She’ll be coming around the corner when she comes. If you’re losing your patience with the “Windscape” remodel—also known by its street name, “the Jughandle,” and its technical street name, the traffic rounder at Northeast 102nd Avenue and Weidler Street—you’re in good company. Nobody is more annoyed than current chair of the Parkrose Heights Association of Neighbors, or PHAN, the man who plans to fix it up. Tom Badrick, the man who plans to fix it up.
Last month (“Adopting ‘Windscape’ could be the answer,” MCM Nov. 2018), Badrick admitted that the Portland Bureau of Transportation, or PBOT, which owns the property, had misunderstood the renovation’s creative process. PBOT expected engineering drawings, but all Badrick needs money for is landscaping. After clearing the air, Badrick expected to receive the green-light. He was wrong, and more was needed.
Even as Badrick and PBOT clarify terms, he still needs Prosper Portland to seal the deal. After all, Prosper Portland is picking up the bill. But Badrick may have ordered too much off the menu. “I’m frustrated with Prosper Portland, but we’re at the last couple things (before construction). They should be going smoothly, and they aren’t,” says Badrick. “I still have people offering to clean it up when it’s time to set up, which is the best thing I’ve seen in Parkrose Heights since I’ve been associated with the neighborhood. I want to be able to say, ‘Here’s when we’re going to do the stuff.’”
To be clear, Prosper Portland and PBOT have never prioritized the so-called Jughandle. As it’s on PBOT-owned property, Badrick has spent the latter half of 2018 trying to concoct original ways to make progress against the slow movement at the city level.
A volunteer group independent of PHAN initiated a cleanup of the property this summer. Soon after, the efforts were undone when homeless campers returned to the grounds and trashed it once again. From there, Badrick realized a more regular cleanup crew would be necessary in order to maintain the site post-renovation. “Litter patrol is about to get ramped way up,” says Badrick. “We’re talking about a whole April month-long series of events to do littering and recycling around east Portland. We haven’t even formed this team yet, but I will have a meeting with people next month and a full proposal.”
Earlier this fall, Badrick stumbled upon a group of east Portland neighbors bemoaning the trash situation around east Portland—specifically around the Windscape site—on the website Nextdoor.com. Nextdoor.com networking provided enough participation to put Windscape on track for a potential biweekly cleanup. That is, after the grant is fulfilled.
In another move, Badrick is now on the path to officially “adopt” Windscape from PBOT. While it would remain PBOT-owned, PBOT’s “Adopt a Landscape” program could allow Badrick to oversee plantings and maintenance. “I have all the support I need from PBOT, and I now have the right person at PBOT to help me get the permit process taken care of,” says Badrick. “What I’ve done is simplify the budget and the plan to show that we’re not doing anything that requires a complicated permit. So they should be able to say yes pretty quickly.”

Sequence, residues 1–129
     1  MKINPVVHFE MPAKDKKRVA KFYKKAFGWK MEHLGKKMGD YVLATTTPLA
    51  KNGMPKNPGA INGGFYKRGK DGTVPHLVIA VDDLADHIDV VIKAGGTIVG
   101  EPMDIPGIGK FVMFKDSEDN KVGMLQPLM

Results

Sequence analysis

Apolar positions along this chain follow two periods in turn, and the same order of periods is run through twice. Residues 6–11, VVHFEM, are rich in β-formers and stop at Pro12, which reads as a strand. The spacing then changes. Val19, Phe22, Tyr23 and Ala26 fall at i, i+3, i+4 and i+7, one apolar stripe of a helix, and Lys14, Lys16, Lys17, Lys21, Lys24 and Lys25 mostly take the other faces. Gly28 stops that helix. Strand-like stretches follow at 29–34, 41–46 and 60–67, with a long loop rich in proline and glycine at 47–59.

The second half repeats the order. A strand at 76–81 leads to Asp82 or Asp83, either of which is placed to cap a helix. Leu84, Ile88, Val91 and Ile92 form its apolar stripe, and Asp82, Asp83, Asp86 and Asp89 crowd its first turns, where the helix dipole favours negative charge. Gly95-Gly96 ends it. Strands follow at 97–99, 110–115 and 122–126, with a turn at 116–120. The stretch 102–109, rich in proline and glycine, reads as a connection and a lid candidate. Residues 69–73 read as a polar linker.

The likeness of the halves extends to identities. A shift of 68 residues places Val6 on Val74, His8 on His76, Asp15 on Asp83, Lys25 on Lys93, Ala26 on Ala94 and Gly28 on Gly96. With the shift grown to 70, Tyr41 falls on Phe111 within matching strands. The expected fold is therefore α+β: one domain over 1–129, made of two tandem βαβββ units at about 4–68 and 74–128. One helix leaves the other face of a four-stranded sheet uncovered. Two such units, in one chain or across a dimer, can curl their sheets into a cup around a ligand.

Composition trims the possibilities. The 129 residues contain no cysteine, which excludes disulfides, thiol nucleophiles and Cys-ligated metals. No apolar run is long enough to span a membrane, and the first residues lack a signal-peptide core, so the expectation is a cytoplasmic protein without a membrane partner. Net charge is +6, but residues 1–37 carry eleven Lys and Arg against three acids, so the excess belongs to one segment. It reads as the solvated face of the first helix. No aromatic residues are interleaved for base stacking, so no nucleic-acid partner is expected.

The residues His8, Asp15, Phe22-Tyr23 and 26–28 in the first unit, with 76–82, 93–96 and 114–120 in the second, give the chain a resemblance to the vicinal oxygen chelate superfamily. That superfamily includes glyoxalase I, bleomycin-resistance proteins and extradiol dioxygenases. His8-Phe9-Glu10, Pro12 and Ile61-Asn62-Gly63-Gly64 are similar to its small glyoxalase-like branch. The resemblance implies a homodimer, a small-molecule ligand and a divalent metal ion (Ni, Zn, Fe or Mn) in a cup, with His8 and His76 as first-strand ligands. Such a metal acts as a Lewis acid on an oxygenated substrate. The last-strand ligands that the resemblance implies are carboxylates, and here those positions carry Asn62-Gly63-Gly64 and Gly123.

Badrick claims the majority of the Community Livability Grant he was promised for Windscape has gone toward design firm Nevue Ngan Associates’ mock-ups for what could be done with the site. Now he’s struggling to find the funds to bring any of the pictures to life.
Back at the drawing board, Badrick considers reorienting leftover money from other grants. The original proposal for Windscape would have allotted $98,000 to Badrick’s Windscape grant, but he notes that number is now down to a total of $53,000. “Right now, I’m over budget. I need to find a way to whittle it down,” says Badrick. “One of the things they[Prosper Portland] can easily do is authorize another $8,000 toward this. If they just took $6,000 out of my $12,000 tree grant, I could apply it to the Jughandle. When I submit my final draft of the tree grant, there should be about $6,000 left over. There’s always money leftover in these [money] pots for things that never gets used. Why can’t we use it here?”
Since Badrick would be putting the $6,000 from his tree grant toward trees on Windscape, he imagines hitting two birds with one stone. “We had a $14,000 grant to do a drop-off station for Gateway Green, and they [Prosper Portland] wants to pull the plug on it, but that’s $14,000 that could be applied somewhere else. It’s actual money that’s been submitted. It’s not theoretical money,” says Badrick.
In terms of transferring funds, Badrick says he’s continuing to garner mixed signals from the powers that be. Badrick thinks Susan Kuhn, Prosper Portland’s project manager, might have something to do with it. She’s been his point of contact, and she’s retiring this year.
Her replacement, Thea Munchel, has displayed some optimism. “We are excited that we have been able to contribute to the Windscape project to date and would consider additional fund requests for the project in the future, if it were to successfully go through the next round of the grant process,” says Munchel.
Whether or not Badrick makes it to the next round, he will soldier on with his bid for adoption. He stays positive.
“I believe Thea from Prosper Portland has been supportive, and the community has been fabulous,” says Badrick. “We’re right on the edge of having a signed deal, and [then] we can move forward to get a contract of doing the work.”